Wayland. Let us pause for a moment, and inquire whether, in addition to its moral efficacy, the BIBLE may pot exert a powerful influence on the intellectual character of man.
And here it is scarcely necessary that I should remark, that of all the books with which, since the invention of writing, this world has been deluged, the number of those is very small which have produced any perceptible effect on the mass of human character. By far the greater part have been, even by their contemporaries, unnoticed and unknown. Not many a one has made its little mark upon the generation that produced it, though it sunk with that generation to utter forgetfulness. But after the ceaseless toil of six thousand years, how few have been the works, the adamantine basis of whose reputation has stood unhurt amid the fluctuations of time, and whase impres
sion can be traced through successive centuries on the history of our species.
When, however, such a work appears, its effects are absolutely incalculable ; and such a work, you are aware, is the Iliad of Homer. Who can estimate the results produced by this incomparable effort of a single mind! Who can tell what Greece owes to this first born of song Her breathing marbles, ber solemn temples, her unrivaled eloquence, and her matchless verse, all point us to that transcendant genius, who by the very splendor of his own effulgence, woke the human intellect from the slumber of ages. It was Homer who gave laws to the artist; it was Homer who inspired the poet; it was Homer who thundered in the senate; and more than all, it was Honer who was sung by the people; and hence a nation was cast into the mould of one mighty mind, and the land of the lliad became the region of taste, the birth-place of the arts. Nor was this influence confined within the limits of Greece. Long after the sceptre of empire had passed westward, genius still held her court on the banks of the Ilyssus, and from the country of Homer gave laws to the world. The light, which the blind old man of Scio had kindled in Greece, shed its radiance over Italy, and thus did he awaken a second nation to intellectual existence. And we may form some idea of the power, which this one work has to the present day exerted over the mind of man, by remarking, that “nation after nation, and century after century, has been able to do little more than transpose his incidents, new name his characters, and paraphrase his sentiinents.”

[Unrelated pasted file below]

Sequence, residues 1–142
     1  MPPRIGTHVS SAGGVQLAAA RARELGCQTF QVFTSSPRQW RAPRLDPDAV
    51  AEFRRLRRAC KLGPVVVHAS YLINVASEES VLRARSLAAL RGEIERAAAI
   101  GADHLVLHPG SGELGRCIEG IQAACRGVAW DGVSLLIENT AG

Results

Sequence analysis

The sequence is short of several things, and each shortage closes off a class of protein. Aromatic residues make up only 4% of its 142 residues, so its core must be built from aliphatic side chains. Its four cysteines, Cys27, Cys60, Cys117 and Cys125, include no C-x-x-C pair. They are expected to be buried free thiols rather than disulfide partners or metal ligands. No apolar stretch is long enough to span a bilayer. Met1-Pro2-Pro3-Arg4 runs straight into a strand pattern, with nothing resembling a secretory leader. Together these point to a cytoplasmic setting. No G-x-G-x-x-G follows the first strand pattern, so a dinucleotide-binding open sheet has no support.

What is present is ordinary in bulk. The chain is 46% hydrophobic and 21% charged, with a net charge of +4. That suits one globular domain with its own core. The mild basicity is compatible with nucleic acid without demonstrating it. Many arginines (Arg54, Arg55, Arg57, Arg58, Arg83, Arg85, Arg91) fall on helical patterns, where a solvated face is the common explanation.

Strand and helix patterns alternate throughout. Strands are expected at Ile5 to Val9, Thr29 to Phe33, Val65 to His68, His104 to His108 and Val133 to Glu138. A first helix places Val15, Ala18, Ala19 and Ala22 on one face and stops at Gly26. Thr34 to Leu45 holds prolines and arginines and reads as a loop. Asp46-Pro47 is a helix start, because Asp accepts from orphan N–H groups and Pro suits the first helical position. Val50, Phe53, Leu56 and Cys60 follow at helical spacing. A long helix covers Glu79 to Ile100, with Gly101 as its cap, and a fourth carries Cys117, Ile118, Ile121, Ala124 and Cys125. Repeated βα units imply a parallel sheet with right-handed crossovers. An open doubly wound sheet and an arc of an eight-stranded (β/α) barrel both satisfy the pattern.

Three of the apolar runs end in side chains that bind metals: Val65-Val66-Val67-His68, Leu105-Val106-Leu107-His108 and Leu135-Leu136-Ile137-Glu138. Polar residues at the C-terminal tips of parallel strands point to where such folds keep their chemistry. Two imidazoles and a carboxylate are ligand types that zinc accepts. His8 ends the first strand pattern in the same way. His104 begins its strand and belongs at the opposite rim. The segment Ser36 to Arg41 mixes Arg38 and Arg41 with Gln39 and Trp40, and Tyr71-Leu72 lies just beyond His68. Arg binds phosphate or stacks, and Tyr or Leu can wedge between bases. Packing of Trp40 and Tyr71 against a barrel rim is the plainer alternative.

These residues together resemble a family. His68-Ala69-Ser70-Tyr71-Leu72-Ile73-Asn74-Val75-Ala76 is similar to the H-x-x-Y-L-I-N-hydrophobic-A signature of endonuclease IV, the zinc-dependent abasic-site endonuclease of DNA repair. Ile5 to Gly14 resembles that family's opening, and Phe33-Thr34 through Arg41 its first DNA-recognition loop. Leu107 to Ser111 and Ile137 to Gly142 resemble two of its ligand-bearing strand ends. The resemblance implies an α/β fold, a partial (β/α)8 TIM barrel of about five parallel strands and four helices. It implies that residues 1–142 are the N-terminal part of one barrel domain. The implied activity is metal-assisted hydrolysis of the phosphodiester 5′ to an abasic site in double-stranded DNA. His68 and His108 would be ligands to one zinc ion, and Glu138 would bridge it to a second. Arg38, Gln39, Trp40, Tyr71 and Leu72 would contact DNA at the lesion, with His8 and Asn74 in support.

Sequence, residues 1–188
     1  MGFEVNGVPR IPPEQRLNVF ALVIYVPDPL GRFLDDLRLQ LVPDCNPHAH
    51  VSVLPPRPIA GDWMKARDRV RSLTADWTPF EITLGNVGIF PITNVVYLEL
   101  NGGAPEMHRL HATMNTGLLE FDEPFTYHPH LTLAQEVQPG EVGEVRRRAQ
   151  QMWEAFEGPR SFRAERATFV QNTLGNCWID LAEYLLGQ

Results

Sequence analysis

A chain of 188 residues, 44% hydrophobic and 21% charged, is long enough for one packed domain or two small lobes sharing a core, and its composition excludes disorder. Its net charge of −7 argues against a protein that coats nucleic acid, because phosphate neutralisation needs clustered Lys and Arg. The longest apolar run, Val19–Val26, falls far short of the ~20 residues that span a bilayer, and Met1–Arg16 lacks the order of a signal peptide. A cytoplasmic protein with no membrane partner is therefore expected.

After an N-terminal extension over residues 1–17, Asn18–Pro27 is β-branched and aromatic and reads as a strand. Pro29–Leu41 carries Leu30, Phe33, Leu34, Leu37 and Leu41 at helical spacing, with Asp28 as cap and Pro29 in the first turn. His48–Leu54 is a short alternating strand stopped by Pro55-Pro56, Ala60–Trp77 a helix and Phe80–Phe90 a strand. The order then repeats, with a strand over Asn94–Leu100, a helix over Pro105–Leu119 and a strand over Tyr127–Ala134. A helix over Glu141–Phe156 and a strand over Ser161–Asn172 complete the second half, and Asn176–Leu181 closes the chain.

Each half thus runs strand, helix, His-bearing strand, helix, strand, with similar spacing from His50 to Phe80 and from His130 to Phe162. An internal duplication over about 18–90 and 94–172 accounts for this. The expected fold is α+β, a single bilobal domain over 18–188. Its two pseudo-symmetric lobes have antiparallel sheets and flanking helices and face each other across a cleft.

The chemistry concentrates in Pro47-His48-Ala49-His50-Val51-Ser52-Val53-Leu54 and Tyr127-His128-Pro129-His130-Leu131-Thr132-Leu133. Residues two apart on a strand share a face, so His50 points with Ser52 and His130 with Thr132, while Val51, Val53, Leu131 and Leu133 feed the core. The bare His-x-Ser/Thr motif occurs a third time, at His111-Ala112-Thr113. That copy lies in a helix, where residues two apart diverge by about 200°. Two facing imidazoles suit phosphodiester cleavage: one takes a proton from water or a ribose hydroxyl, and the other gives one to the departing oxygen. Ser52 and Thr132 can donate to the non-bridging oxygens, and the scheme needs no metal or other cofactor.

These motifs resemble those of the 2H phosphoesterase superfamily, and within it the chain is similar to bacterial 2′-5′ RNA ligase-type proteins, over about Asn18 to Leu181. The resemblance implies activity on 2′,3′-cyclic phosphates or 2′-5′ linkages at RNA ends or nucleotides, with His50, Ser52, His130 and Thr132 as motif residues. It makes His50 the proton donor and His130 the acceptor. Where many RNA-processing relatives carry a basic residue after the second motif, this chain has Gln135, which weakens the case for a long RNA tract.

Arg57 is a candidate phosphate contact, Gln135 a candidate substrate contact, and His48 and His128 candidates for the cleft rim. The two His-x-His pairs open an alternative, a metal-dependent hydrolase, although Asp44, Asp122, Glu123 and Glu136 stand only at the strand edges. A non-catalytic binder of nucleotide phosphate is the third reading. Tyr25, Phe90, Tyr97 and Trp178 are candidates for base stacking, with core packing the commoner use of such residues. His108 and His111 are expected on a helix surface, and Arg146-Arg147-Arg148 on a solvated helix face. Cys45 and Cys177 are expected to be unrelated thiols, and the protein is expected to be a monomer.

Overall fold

But considered siinply as an intellectual production, who will compare the poems of Homer with the Holy scriptures of the old and new testament. Where in the Iliad shall we find simplicity and pathos, which shall vie with the narrative of Moses, or maxims of conduct to equal in wisdom the Proverbs of Solomon, or sublimity, which does not fade away before the conceptions of Job or David, of Isaiah or St. John. But I cannot pursue this comparison. I feel that it is doing wrong to the mind which dictated the Iliad, and to those other mighty intellects on whom the light of the holy oracles never shined. Who that has read his poem has not observed how he strove in vain to give dignity to the mythology of his time? Who has not seen how the religion of his country, unable to support the flight of his imagination, sunk powerless beneath him? It is the unseen world, where the master spirits of our race breathe freely and are at home; and it is mournful to behold the intellect of Homer striving to free itself from the conceptions of materialism, and then sinking down in hopeless despair to weave idle fables of Jupiter and Juno, Apollo or Diana. But the difficulties under which he labored are abundantly illustrated by the fact, that the light, which he poured upon the human intellect, taught other ages how unworthy was the religion of his day, of the man who was compelled to use it. "It seems to me," says Longinus, “ that Homer, when he ascribes dissensions, jealousies, tears, imprisonments, and other afflictions to his Deities, hath, as much as was in his power, made the men of the Iliad gods, and the gods men. To man when afflicted, death is the termination of evils; but he hath made not only the nature but the miseries of the gods eternal.” If then so great results have flowed from this one effort of a single mind, what may we not expect from the combined efforts of several, at least his equals in power over the human heart? If that one genius, though groping in the thick darkness of absurd idolatry, wrought so glorious a transformation in the character of his countrymen, what may we not look for from the universal dissemination of those writings, on whose authors was poured the full splendor of eternal truth? If unassisted human nature, spell bound by a childish mythology, have done so much, what may we not hope for from the supernatural efforts of pre-eminent genius, which spake as it was moved by the Holy Ghost.